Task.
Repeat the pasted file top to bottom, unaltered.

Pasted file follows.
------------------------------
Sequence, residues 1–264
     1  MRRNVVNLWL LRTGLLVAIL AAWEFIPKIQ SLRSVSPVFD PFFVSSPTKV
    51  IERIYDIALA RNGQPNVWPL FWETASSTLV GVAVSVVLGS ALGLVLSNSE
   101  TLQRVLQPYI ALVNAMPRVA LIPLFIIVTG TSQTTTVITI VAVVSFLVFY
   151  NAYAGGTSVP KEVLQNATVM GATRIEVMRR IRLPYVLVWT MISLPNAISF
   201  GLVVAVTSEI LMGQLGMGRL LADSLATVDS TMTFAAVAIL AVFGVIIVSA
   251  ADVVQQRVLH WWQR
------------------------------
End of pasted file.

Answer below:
Sequence, residues 1–264
     1  MRRNVVNLWL LRTGLLVAIL AAWEFIPKIQ SLRSVSPVFD PFFVSSPTKV
    51  IERIYDIALA RNGQPNVWPL FWETASSTLV GVAVSVVLGS ALGLVLSNSE
   101  TLQRVLQPYI ALVNAMPRVA LIPLFIIVTG TSQTTTVITI VAVVSFLVFY
   151  NAYAGGTSVP KEVLQNATVM GATRIEVMRR IRLPYVLVWT MISLPNAISF
   201  GLVVAVTSEI LMGQLGMGRL LADSLATVDS TMTFAAVAIL AVFGVIIVSA
   251  ADVVQQRVLH WWQR